The Iron Mountain Review Vol. XXXII

36 Bremmer, Gregg, Piper, & Rose

had a bit of a negative thought of itself that has kept Appalachia from being as prominent in national culture as it should be. Anyone who grew up in Appalachia grew up with the phrase, “Never rise above your raising.” That was a mentality—when I was working with the poor in West Virginia and Kentucky, we called it “the culture of Deliverance ,” the movie Deliverance . It had an immense impact on how the United States as a whole began to view Appalachia in a negative way. We wanted to create this festival to change that. We wanted to change culture, and we have. If you talk to a lot of the economic impact people, AFPP has helped change the culture of how Appalachia thinks of itself and how people from outside begin to think of Appalachia. We wanted to give Appalachian authors the opportunity. Authors from Appalachia weren’t considered very important by New York or the rest of the cultural landscape. Most of the shows that have been produced by Barter from Appalachian premieres have gone on to a hundred plus productions around the United States; and many now get productions immediately following or within the year or two following being a part of the AFPP. Much like SART, we needed to create product. We wanted to create product about the region. People coming in, tourists coming in want to see product about the region. They want to immerse themselves in the culture as well, because we have one of the few really genuine cultures left in the United States that has a long history that hasn’t been too morphed by the modern world. To talk a little bit about the original theatres, you can’t talk about Appalachian theatre without talking about Appalshop, founded by Bill Richardson during the War on Poverty in the late 1960s. Appalshop is extremely monumental in terms of the work that they did with their Roadside Theater, but also mostly with their film and radio programs. They really brought and bring Appalachia and a lot of Appalachian issues to the forefront. You have Trail of the Lonesome Pine with the June Tolliver Playhouse in Big Stone Gap, Virginia, which is the State Outdoor Drama of Virginia, founded in 1964, and it has been going on ever since. You have the Road Company out of Johnson City from 1975 to 1998. They did twenty plays during their time. Bob Leonard, who now teaches at Virginia Tech, was a major founder. Kathie deNobriga and Ed Snodderly were the main founders of the company. They created a lot of interesting works that played nationally and internationally. They toured a lot around the United States. They were also the first to use the poet Jo Carson’s work. She did Daytrips for them, which we’ve done at Barter as well.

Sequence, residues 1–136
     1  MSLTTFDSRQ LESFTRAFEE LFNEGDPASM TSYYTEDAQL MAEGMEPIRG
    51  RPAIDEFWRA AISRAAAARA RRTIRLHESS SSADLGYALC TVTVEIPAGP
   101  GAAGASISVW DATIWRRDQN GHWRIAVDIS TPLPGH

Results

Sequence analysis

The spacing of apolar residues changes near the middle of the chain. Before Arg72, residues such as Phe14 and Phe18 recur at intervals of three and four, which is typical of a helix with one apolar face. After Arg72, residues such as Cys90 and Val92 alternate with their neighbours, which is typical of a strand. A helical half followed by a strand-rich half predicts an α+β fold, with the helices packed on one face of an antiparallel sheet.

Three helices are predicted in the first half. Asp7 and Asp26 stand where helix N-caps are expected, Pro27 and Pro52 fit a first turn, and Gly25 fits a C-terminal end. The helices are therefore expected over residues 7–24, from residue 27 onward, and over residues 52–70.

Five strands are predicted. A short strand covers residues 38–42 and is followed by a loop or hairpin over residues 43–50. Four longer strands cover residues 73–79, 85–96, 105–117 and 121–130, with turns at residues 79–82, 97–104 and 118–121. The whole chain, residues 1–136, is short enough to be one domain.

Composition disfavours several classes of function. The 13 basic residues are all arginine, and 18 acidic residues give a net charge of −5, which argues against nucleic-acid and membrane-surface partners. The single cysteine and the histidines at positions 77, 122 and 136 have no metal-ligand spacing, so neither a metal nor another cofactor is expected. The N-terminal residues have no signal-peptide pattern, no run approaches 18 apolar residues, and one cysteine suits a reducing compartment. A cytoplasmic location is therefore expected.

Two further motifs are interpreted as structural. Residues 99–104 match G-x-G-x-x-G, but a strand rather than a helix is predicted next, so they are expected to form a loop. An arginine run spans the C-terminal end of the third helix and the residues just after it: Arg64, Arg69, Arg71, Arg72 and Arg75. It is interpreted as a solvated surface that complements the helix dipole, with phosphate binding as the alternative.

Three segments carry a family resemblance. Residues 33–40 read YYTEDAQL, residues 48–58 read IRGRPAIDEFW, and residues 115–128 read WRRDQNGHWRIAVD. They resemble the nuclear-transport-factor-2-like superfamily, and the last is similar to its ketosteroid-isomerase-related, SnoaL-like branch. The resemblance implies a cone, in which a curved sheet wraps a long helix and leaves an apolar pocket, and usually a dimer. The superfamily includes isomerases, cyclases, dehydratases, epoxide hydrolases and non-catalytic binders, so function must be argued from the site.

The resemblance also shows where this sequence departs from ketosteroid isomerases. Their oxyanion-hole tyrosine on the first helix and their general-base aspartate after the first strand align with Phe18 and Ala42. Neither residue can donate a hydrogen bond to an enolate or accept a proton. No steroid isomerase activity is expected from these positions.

Then, you have Barter Theatre; we’ve done some of Lou Crabtree’s work with a piece called The Fault Line (also known as Lonesome Stranger ) and others, such as Doug Pote, obviously. I was going to correct Nick: Sunny Side has now been seen by almost a million people, including all of the other productions that have been done and the national tour. We did a piece by Victor Depta called Plays from Blair Mountain early on that examined a whole other side of Appalachia. We’ve done some stuff to explore child abuse, as well as mental health issues and environmental issues, such as the American chestnut. Barter Theatre is the oldest fully professional theatre in the United States. We’re the second oldest continually operating theatre in the United States. The only older continually operating theatre in the United States is Walnut Street in Philadelphia. The only theatre that makes claim to being older than Barter as a regional theatre is Cleveland Playhouse, but Cleveland Playhouse did not become an equity company, a union company, until after Barter Theatre existed. Barter has been a full equity professional company from the beginning. Cleveland Playhouse started out as a community theatre. They did some professional work in the late 1920s, mostly tours that they brought in. However, they didn’t really become a full professional theatre until after World War II. So, Barter actually has the claim to be the first fully professional regional theatre in the nation. We have been working with our mission statement and moving in the following direction: “Barter Theatre’s purpose is to open minds, expand imagination, and reveal truths through live theatre.” And that’s what we really strive to do both from an Appalachian point of view and clearly Appalachian is one of our tenets of who we think we are. KB: Shall we open it up to any questions you all may have? Audience Member: Yes, I have one. Do you find as much interest in theatre among the up and coming generation as in previous generations with the competition of movies? And do you still see a good group of writers coming up? RR: I think the verdict’s out. I understand that people don’t have time to go to the theatre or money to go to the theatre until they’ve established their careers and until they’ve become a certain age. Do they really start really getting involved in that way? On the other hand, here’s what I feel about theatre for the next generation and why theatre for them is the one place they can get truly live experiences and where they see people come together. They are less religion oriented than

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